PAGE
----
LAS VEGAS (AP) — Jill Winter remembers the barrage of rapid-fire gunshots raining into a Las Vegas Strip country music concert crowd during what became the deadliest mass shooting in modern U.S. history four years ago.
Like many around her, she thought at first it was fireworks. Then, people fell dead and wounded. Winter ducked for cover until police SWAT officers arrived and told her to run. She remembers yelling, “Make him stop! Make him stop!”
Winter, 49, lived in San Diego then. She now lives in Nashville, Tennessee, and counsels others she calls “the Router family” who experienced the deadly night a gunman perched in a hotel killed 58 people at the Route 91 Harvest Festival. “Router” sounds better than “survivor,” Winter explained. The deaths later of at least two others have brought the unofficial death toll to 60.
“There is a lot of healing taking place,” Winter said this week. “There are a lot of people who are still struggling. There are 22,000 of us that were there. That doesn’t even include other people that were impacted … first responders, hospital employees, average citizens who were driving down the Strip. All those people and all those different stories.”
This is the first year since the shooting that Winter won’t be in Las Vegas to mark the anniversary at memorials like a sunrise ceremony at the Clark County Government Center and a 10:05 p.m. reading at a downtown Las Vegas Community Healing Garden of the names of those killed in the Oct. 1, 2017, massacre.
The 7 a.m. ceremony is set to feature comments from elected officials and Dee Ann Hyatt, whose brother Kurt von Tillow died in the shooting. Singer Matt Sky, who worked with Adam Levine on NBC’s “The Voice,” will sing “Four Years After,” a song composed for the anniversary by Mark R. Johnson and released with multi-Grammy award winner Alan Parsons.
In Southern California, “So Cal Route 91 Heals” will host a live-stream of the sunrise remembrance and an afternoon ceremony at Conejo Creek Park in Thousand Oaks.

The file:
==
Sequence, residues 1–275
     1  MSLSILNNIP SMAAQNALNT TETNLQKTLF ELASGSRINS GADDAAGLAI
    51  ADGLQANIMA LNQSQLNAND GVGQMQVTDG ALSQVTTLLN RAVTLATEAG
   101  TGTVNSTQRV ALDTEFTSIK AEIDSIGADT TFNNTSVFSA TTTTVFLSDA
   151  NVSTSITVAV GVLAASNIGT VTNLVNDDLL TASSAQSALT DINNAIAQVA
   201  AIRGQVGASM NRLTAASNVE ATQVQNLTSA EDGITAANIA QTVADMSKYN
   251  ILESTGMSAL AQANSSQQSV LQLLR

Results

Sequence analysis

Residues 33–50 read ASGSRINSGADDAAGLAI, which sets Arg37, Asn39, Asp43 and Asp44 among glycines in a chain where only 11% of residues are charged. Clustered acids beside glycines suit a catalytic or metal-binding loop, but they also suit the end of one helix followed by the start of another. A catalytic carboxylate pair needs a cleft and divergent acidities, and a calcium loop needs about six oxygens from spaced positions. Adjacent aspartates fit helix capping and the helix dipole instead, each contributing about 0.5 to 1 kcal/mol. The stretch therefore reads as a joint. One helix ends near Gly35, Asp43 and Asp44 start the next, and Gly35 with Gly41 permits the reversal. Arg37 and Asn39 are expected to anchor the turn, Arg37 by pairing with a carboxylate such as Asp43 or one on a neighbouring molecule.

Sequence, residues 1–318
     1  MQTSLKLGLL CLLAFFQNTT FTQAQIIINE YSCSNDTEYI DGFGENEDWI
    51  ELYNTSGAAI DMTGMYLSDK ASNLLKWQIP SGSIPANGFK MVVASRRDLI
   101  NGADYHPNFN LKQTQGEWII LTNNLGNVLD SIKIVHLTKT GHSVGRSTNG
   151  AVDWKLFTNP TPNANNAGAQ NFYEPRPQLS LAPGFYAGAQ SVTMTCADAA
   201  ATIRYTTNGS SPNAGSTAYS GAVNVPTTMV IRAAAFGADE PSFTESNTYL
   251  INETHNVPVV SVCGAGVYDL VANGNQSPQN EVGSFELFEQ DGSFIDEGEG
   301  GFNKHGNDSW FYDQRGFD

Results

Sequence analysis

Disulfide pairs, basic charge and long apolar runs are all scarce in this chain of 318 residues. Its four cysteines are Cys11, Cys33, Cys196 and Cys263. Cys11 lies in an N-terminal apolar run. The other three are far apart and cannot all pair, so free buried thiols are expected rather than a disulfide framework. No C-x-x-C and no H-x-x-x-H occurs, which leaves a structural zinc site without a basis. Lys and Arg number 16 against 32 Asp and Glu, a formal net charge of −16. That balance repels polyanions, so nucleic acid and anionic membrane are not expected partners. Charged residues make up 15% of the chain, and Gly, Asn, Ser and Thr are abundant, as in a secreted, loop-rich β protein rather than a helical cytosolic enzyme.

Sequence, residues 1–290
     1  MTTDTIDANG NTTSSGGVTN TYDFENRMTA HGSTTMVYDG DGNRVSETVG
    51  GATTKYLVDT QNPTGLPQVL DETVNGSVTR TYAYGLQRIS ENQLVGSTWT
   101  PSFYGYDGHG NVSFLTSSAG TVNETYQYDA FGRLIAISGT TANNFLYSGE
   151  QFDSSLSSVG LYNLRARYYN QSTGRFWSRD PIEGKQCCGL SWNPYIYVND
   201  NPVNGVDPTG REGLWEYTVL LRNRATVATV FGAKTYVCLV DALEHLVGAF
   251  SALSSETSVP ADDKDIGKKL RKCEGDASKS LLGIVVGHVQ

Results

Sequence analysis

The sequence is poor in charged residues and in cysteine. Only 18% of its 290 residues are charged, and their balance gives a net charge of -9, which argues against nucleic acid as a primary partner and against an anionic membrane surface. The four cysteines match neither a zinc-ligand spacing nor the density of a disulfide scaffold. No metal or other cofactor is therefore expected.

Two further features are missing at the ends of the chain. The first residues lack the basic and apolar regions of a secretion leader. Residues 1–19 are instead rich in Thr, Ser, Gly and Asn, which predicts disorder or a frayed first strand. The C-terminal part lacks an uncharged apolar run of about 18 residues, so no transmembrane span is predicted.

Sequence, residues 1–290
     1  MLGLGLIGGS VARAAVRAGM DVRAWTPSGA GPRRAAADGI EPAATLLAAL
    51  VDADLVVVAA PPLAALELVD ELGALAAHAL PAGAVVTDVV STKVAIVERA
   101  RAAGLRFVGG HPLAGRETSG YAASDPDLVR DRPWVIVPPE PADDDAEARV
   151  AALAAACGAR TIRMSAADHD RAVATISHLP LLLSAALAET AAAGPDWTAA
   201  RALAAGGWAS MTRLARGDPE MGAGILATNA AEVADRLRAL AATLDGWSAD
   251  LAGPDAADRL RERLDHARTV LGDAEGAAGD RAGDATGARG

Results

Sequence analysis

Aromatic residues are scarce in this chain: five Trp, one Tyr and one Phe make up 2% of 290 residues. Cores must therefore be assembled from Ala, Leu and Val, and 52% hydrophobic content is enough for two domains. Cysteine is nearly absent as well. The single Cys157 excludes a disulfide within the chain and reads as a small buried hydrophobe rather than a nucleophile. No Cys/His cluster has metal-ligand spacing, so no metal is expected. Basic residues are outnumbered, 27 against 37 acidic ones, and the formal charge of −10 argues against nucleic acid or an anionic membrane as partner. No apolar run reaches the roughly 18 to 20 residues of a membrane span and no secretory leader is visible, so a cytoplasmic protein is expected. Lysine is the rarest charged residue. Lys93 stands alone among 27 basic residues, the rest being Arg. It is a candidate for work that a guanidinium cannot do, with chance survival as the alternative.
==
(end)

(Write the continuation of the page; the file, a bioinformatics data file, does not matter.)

Tennille Pereira, director of the Vegas Strong Resiliency Center, a Las Vegas program set up to support those affected by the shooting, noted that about 60% of tickets sold to the fateful concert were purchased by California residents.
Next year’s fifth anniversary may feature the dedication of a new memorial, Pereira said, at a corner of the former concert venue across Las Vegas Boulevard from the Mandalay Bay resort, where the shooter spent several days gathering an arsenal of assault-style rifles before breaking out windows of his 32nd floor suite and unleashing carnage.
The gunman, Stephen Paddock, a 64-year-old retired postal service worker, accountant and real estate investor who had become a high-stakes casino video poker player, killed himself before police reached him. Local and federal investigators concluded he meticulously planned the attack and appeared to seek notoriety, but they said they could not identify a clear motive.
Authorities including police, elected and government officials and people involved with the resiliency center refuse now to use his name.
MGM Resorts International, owner of the hotel and the concert venue, is donating 2 acres (0.8 hectare) for the memorial — just off the Strip at a spot near a church where people took cover during the shooting.
“1 October was a tragedy that forever changed our community, and we continue to grieve with and support those impacted by that senseless act of violence,” the company said in a statement.
MGM Resorts and its insurers have almost finished paying $800 million to more than 4,000 claimants in an out-of-court settlement reached a year ago that avoided negligence trials in several states. The company acknowledged no liability.
“It’s good for the community and the victims that the case is resolved,” Robert Eglet, a Las Vegas attorney who spent a year arranging the settlement, said Thursday. “And it was the right thing for MGM to do.”
Pereira also is chairwoman of a Clark County committee developing plans for the permanent memorial. She said this week that she felt a softening of emotions around the anniversary.
“Four years. This year marker seems different to me,” she said. “Where people are in their healing is different. Where the community is different. Maybe it’s because we just came out of this (coronavirus) pandemic and we’re starting to feel a regular pace again.”
“It’s a bit softer,” Pereira said. “We’re not as emotional. We still remember, we still respect, we still honor. But it’s not raw like it was, and jarring. It just feels more hopeful and peaceful.”
Winter said she planned to gather on Friday with other “Routers” at a friend’s restaurant in Memphis, Tennessee.
“It’s always emotional. But it’s also really heartwarming,” she said. “The fact that we’ve come together and not let evil win is so amazing.”
“There are so many people who think we should be over it,” she added. “This is not something you ever get over. It’s forever changed us.”